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EDITORIAL: Colorado has model for higher education

By: The Gazette Editorial Board
February 7, 2017 Updated: February 7, 2017 at 12:17 pm
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2010 Boulder Aerial photograph. (Photo by Glenn Asakawa/University of Colorado)

Unlike their parents, millennials aren't flocking to colleges in droves. Growing numbers are more interested in jobs that don't require four-year degrees.

So says the premise of a story by CBS News Money Watch, which explained a national downward trend in college and university enrollments. The National Student Clearinghouse Research Center reported in 2015 that colleges had lost more than 1 million enrollments in the past four years.

It is a crisis for much of the higher education establishment. Even worse, The National Center for Education Statistics reports the declining applications and enrollments come after the United States added more than 1,000 four-year colleges and universities since 1980.

Meanwhile, high schools are re-emphasizing practical career tracks for students to fill voids in medium-and-high skill vocations that don't require degrees.

Google "declining applications" or "declining enrollments" and stories pop up about colleges and universities scrambling to cope with the trend.

The University of Colorado isn't among them.

All three campuses of the CU system - Colorado Springs, Boulder and Denver - are exploding with applications.

UC-Colorado Springs has seen strong growth for the past decade, but the bigger story is aggressive new demand at the Boulder flagship.

During a meeting with the Gazette's editorial board Monday, CU-Boulder Chancellor Phil DiStefano reported 37,000 new applications, compared to 30,000 the year before. That's a whopping 23.3 percent increase in demand in just one year.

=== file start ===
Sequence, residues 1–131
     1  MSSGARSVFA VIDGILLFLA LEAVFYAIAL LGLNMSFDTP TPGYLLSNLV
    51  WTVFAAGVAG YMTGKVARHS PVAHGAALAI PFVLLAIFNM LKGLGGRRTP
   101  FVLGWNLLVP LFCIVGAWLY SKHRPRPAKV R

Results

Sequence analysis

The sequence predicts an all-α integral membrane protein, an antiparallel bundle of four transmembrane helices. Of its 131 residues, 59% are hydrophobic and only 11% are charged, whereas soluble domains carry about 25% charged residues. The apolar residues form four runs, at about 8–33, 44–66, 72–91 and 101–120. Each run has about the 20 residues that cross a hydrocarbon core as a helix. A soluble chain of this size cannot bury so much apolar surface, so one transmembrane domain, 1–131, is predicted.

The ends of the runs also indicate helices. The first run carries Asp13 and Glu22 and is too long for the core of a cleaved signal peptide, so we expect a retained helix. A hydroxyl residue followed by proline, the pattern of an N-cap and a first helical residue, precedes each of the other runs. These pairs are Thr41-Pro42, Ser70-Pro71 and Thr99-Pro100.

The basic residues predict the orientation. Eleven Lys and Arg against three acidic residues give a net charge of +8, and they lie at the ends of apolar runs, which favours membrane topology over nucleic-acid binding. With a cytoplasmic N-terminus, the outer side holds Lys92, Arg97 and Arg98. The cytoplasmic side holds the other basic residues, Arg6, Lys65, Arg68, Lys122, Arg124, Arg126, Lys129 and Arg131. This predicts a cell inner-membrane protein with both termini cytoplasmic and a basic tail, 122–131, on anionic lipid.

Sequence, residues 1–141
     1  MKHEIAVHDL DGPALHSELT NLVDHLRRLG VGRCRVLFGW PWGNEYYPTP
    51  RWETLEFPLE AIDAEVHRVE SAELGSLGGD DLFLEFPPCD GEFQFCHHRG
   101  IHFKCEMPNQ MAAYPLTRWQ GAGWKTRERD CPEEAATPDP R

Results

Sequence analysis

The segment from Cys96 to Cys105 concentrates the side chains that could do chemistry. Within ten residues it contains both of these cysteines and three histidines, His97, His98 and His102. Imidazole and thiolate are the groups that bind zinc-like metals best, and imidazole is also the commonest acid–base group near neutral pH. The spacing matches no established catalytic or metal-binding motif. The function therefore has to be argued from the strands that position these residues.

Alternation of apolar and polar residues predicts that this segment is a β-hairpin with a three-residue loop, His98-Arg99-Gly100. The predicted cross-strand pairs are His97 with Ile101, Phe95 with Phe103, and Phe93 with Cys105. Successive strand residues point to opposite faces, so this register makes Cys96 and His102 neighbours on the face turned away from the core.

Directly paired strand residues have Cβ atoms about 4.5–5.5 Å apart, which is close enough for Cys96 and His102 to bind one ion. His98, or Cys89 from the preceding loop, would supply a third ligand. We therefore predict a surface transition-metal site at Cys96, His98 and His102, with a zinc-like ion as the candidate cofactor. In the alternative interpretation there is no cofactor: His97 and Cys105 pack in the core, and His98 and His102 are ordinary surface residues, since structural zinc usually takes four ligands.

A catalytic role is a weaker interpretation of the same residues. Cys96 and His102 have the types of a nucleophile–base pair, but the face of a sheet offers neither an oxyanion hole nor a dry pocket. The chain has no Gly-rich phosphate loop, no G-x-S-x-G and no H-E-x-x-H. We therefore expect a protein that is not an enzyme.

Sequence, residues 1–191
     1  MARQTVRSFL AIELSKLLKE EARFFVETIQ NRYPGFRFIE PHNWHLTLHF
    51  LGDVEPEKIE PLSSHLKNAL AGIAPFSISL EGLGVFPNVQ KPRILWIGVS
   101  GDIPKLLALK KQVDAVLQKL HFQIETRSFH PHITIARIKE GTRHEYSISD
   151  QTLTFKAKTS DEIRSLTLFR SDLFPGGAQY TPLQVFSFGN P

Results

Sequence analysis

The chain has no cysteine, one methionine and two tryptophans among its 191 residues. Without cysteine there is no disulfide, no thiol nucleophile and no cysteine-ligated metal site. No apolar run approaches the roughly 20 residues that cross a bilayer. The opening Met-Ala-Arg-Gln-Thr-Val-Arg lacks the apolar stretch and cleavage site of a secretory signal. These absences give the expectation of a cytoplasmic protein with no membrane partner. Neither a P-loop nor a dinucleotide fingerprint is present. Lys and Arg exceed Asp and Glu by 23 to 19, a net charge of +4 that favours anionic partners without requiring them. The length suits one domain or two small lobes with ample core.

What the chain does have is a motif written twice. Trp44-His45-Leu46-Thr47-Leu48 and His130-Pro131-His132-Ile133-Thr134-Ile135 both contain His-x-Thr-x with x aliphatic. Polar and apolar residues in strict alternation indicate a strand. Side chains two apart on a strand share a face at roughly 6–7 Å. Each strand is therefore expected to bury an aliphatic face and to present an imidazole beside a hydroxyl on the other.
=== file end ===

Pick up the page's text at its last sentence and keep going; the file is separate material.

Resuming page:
The Gazette's editorial board has reported the institution's success in recent years. A solid Board of Regents and strong leadership by DiStefano, CU President Bruce Benson and former President Hank Brown have turned the scandal-ridden campus of the 1990s and early 2000s into a model of state-run education for others to emulate.

A unique element of the sea change involves a modest but effective effort to counter the left-wing bias that characterizes most of higher education.

We chuckled in 2013 when CU announced what could only be described as token-sized affirmative action for conservatives. CU enacted the Conservative Thought and Policy Program to each year host a resident conservative scholar to teach and lecture on Boulder campus and throughout the state.

The Gazette has met three of the four scholars, including current resident Francis Beckwith. Like his predecessors, the Baylor legal scholar and philosophy professor says CU's faculty and students have been open minded, welcoming and more than willing to hear his perspective.

The university has also distinguished itself by striving to permit controversial speakers who challenge conventional wisdom. It has led the country in partnerships with commerce and industry that keep tuition low and reduce the need for public funding.

Most recently, CU-Boulder has enacted a program that locks in a guaranteed four-year price of tuition and fees for incoming freshman. It protects students from unexpected price hikes, while incentivizing them to finish degrees within four years.

Customer service, fair pricing, freedom of speech, academic freedom and efforts to balance curriculum are the pathways to success in higher education. Look no further than the three flourishing campuses of CU.

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